Public policy specialist Michael Kubayanda said the Postal Service would improve its partnerships with the private sector by creating a central office. USPS has a number of partnerships in different areas, including merchandise and real estate.
USPS issued final determinations Wednesday to close three Capitol Hill post offices by July 21, which is expected to save about $2 million over the next 10 years. That's only a drop in the bucket in the agency's stretched-thin budget, but top House Republicans on the Administration and Oversight and Government Reform Committees hailed the move for sending a strong message.
USPS Chief Sustainability Officer Thomas Day said the service is on target to reach many of its sustainability goals for 2015. USPS said the decline in mail volume led to the consolidation of mail distribution centers.
House Oversight and Government Reform Committee Chairman Darrell Issa (R-Calif.) released a draft postal reform bill that supports ending Saturday mail delivery and would modify how the agency pre-funds retiree health-care payments that now threaten to sink the agency into financial insolvency. Congressional postal reform efforts have remained dormant so far this year, even as the Postal Service's financial outlook has worsened.
The cash-strapped Postal Service has proposed a number of service and delivery changes to right its financial ship and says it needs more timely decisions from the commission to implement them. The commission has been criticized in the past for taking too long to issue its opinions. Of the five major cases brought before the commission since 2006, three took more than eight months to complete and one took nearly a year, according to PRC.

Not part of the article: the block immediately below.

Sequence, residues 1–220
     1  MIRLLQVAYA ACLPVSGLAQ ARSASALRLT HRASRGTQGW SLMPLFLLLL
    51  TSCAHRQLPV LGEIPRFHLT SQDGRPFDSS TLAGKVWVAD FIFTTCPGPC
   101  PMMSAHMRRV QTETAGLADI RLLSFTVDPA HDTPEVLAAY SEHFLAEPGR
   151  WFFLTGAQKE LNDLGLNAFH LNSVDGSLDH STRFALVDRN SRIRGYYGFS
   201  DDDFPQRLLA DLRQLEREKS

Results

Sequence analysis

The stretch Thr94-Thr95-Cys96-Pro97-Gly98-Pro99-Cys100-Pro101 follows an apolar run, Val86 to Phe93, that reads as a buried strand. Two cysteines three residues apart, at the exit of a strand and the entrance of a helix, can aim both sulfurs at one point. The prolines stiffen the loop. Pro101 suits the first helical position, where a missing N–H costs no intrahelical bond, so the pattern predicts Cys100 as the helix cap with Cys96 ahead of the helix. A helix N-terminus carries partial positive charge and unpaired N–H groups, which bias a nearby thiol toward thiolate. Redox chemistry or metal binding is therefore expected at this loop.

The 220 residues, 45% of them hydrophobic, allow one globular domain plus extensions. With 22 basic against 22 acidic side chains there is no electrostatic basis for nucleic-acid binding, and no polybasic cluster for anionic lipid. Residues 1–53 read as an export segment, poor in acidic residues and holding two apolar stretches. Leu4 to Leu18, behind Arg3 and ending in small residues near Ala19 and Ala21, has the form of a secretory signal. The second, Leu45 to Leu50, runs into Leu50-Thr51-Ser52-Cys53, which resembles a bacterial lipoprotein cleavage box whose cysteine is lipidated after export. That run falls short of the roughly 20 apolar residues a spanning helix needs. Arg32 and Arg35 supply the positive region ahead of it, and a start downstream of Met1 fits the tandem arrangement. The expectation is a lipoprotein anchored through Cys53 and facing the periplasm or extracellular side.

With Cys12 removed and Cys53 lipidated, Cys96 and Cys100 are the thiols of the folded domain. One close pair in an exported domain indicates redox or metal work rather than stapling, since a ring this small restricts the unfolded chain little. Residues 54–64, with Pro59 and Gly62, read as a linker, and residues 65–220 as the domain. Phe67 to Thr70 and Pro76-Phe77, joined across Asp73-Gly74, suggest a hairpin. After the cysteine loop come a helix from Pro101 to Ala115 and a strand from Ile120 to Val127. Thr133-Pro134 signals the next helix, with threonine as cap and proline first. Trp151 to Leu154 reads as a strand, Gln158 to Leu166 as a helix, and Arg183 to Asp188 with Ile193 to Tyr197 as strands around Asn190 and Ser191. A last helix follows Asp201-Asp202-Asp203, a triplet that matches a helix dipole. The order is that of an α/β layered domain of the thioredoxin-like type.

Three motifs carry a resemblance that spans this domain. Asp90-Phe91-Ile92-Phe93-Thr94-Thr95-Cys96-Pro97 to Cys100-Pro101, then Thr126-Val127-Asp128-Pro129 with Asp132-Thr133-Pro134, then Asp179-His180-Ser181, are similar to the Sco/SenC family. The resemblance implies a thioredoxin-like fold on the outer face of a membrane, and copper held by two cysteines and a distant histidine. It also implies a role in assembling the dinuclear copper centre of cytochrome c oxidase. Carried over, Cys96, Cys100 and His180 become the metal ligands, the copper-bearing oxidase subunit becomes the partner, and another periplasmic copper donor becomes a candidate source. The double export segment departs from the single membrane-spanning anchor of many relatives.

The U.S. Postal Service said Friday it lost $1.9 billion over the last three months and warned that losses would continue to mount without help from Congress. The loss for the financial quarter ending March 31 was narrower than a $3.2 billion loss for the same period last year, thanks to slightly higher revenues and lower payments towards health benefits for workers who will retire in the future.
If Congress doesn't pass comprehensive postal reform legislation soon, it could find itself forced to bail out the financially troubled U.S. Postal Service to the tune of billions of dollars, said Postmaster General Pat Donahoe. The postmaster general said in a speech at the National Press Club he's optimistic Congress will pass postal reform legislation this year.
Postmaster General Pat Donahoe told the House Oversight and Government Reform Committee Wednesday that the Postal Service is operating under a "broken business model." But cost-saving efforts, such as ending Saturday delivery and modifying a multibillion dollar requirement to prefund future retirees health care costs, garnered little agreement among lawmakers.
The U.S. Postal Service has reversed its decision to end Saturday mail delivery service, saying Congress gave it no choice when it passed a 2013 appropriations bill last month that continued a ban on five-day delivery.